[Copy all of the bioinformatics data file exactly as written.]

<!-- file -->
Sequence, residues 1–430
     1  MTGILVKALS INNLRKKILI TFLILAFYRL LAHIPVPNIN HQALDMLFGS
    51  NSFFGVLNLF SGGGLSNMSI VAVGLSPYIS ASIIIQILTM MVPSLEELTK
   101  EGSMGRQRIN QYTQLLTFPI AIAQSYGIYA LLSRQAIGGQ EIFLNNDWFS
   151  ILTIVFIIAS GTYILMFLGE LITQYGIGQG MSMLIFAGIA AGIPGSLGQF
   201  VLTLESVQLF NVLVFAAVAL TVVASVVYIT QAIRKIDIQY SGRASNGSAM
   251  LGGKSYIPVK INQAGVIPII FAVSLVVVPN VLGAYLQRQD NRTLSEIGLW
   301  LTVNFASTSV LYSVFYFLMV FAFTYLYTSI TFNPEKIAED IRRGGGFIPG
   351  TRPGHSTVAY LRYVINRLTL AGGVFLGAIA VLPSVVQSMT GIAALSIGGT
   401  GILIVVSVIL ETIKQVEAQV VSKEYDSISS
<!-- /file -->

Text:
Sequence, residues 1–430
     1  MTGILVKALS INNLRKKILI TFLILAFYRL LAHIPVPNIN HQALDMLFGS
    51  NSFFGVLNLF SGGGLSNMSI VAVGLSPYIS ASIIIQILTM MVPSLEELTK
   101  EGSMGRQRIN QYTQLLTFPI AIAQSYGIYA LLSRQAIGGQ EIFLNNDWFS
   151  ILTIVFIIAS GTYILMFLGE LITQYGIGQG MSMLIFAGIA AGIPGSLGQF
   201  VLTLESVQLF NVLVFAAVAL TVVASVVYIT QAIRKIDIQY SGRASNGSAM
   251  LGGKSYIPVK INQAGVIPII FAVSLVVVPN VLGAYLQRQD NRTLSEIGLW
   301  LTVNFASTSV LYSVFYFLMV FAFTYLYTSI TFNPEKIAED IRRGGGFIPG
   351  TRPGHSTVAY LRYVINRLTL AGGVFLGAIA VLPSVVQSMT GIAALSIGGT
   401  GILIVVSVIL ETIKQVEAQV VSKEYDSISS